Tuesday, April 21, 2015

Opening the Floodgates

Over the course of my life, I have done various sessions of therapy and personal coaching, to help me work out both latent and active issues that I felt were sabotaging my success and happiness.  It was after a year of directed coaching with an amazing psychologist in Jerusalem that I could commit to bringing the person who was eventually Raphaela into the world.

The one problem I have always had with therapy is that even under the best circumstances, this digging and re-evaluation opens up wounds that then sit and fester, until the work to heal them is done.

This past week, I posted a spot-on article on my Facebook feed, which explained seven (out of the many) least helpful statements to say to an actual single mother, no matter how thoughtful the intentions.  To my surprise, it spurred a string of honest and often heart rending comments from several of my Jerusalem friends, also single mothers by choice.  I have always known any parent - and certainly a woman who has no family in the region and has chosen to parent alone - suffers through bouts of doubt, loneliness, anger and frustration.  In fact, in between the amazing and fulfilling moments, being a mother is hard and involves a tremendous amount of personal sacrifice.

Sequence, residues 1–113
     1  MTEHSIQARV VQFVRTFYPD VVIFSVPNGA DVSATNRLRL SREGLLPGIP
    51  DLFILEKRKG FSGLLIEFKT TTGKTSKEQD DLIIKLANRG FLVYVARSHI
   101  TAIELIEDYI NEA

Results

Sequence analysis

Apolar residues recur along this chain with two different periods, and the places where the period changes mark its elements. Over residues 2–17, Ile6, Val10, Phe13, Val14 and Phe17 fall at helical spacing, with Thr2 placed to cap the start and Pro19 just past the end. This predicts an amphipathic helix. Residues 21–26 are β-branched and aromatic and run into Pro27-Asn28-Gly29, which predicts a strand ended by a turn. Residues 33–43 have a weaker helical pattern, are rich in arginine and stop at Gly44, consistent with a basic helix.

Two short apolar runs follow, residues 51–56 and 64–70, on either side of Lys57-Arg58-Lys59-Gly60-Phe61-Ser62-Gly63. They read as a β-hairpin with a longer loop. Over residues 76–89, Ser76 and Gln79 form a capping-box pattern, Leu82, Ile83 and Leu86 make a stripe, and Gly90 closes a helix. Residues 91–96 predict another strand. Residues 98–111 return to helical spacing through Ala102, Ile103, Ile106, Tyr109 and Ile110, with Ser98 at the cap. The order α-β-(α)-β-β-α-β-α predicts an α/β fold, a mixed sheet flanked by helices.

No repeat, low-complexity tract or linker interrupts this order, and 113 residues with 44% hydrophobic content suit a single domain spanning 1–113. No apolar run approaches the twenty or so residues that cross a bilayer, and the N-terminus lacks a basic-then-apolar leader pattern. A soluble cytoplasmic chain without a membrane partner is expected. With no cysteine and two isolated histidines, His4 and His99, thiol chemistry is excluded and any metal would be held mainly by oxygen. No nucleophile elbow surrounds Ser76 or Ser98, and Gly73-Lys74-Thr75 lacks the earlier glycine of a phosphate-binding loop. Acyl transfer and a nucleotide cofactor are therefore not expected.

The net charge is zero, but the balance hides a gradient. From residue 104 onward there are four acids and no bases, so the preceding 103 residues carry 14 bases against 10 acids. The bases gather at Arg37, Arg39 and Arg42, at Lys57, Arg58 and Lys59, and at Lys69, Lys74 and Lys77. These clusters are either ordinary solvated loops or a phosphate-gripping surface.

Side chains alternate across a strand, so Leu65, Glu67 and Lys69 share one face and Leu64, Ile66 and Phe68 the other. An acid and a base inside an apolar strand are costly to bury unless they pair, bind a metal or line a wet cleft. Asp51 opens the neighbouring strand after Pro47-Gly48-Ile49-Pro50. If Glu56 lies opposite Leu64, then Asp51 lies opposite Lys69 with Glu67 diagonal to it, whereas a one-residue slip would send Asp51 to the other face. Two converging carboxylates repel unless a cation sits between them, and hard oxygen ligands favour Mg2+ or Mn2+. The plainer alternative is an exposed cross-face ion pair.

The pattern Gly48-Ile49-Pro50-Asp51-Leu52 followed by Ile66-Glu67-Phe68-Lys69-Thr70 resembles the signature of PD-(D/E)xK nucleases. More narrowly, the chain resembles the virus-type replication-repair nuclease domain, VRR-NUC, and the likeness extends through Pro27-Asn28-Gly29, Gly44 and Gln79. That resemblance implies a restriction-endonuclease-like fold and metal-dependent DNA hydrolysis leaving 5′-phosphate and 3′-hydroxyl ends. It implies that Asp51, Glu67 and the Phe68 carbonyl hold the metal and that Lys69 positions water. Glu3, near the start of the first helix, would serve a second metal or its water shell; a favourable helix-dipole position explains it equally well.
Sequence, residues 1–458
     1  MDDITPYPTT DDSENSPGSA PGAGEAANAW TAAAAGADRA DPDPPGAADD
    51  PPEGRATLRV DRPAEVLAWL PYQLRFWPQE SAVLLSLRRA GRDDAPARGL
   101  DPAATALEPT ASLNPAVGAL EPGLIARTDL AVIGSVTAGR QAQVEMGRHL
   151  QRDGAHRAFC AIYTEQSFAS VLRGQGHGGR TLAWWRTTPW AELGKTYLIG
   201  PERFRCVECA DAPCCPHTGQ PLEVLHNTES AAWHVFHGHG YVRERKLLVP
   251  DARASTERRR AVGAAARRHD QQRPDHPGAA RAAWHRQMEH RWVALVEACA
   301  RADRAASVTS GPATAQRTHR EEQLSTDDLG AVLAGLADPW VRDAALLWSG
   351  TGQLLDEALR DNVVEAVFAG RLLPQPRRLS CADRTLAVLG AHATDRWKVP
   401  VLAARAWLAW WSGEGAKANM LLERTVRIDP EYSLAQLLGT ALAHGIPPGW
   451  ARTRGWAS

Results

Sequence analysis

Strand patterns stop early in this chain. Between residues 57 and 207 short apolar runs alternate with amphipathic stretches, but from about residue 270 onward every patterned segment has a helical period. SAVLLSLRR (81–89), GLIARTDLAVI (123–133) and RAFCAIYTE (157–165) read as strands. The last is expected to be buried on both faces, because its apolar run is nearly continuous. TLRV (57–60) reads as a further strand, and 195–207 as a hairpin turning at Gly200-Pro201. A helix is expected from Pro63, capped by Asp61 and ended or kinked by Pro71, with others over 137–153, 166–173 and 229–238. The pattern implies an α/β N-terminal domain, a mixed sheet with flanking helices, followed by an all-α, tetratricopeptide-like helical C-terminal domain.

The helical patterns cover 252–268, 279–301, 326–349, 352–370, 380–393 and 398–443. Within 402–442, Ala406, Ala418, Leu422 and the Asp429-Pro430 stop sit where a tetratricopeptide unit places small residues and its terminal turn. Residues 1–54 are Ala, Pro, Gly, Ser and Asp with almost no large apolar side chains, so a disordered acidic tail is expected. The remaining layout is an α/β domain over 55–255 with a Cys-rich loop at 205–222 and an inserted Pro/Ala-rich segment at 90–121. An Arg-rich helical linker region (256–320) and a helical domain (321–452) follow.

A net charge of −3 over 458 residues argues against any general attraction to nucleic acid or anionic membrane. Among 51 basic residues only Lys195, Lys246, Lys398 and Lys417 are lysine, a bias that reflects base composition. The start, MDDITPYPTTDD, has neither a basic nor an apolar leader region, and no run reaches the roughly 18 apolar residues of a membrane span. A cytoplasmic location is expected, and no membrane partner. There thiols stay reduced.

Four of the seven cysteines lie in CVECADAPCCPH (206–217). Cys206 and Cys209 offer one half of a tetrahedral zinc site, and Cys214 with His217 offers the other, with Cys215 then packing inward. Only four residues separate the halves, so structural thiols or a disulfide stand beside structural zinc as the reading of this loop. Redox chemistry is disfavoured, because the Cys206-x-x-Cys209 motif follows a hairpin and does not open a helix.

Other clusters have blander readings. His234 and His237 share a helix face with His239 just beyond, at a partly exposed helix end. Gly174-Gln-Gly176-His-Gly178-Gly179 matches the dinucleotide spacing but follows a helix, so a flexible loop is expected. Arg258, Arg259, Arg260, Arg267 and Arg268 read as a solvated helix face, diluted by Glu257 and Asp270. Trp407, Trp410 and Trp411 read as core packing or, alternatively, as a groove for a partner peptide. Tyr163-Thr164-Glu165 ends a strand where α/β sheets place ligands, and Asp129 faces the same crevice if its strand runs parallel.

But for the first time since Raphaela was born, I was hearing concrete and intense personal vulnerabilities from women whom I consider the bravest heroines I know; women whom you almost never hear complain about who we are and what we do every day for our children.  Their courage and openness gave me the strength to talk about events I have never spoken about to anyone, for fear of being accused of "having gotten myself into something that I cannot handle," and for fear of asking for help when I most truly needed it.

Here's the unfortunate outcome of this blessed event:  now, for the past few days, I am carrying around all these open wounds and real traumas that I have borne in silence for the last seven years, ever since I began fertility treatments. I find myself with much less patience for my life and my daughter, feeling trapped and somehow cheated,  and trying very hard not to take it out on Raphaela.  Because none of this is her fault and because we both deserve a life of positivity and joy.

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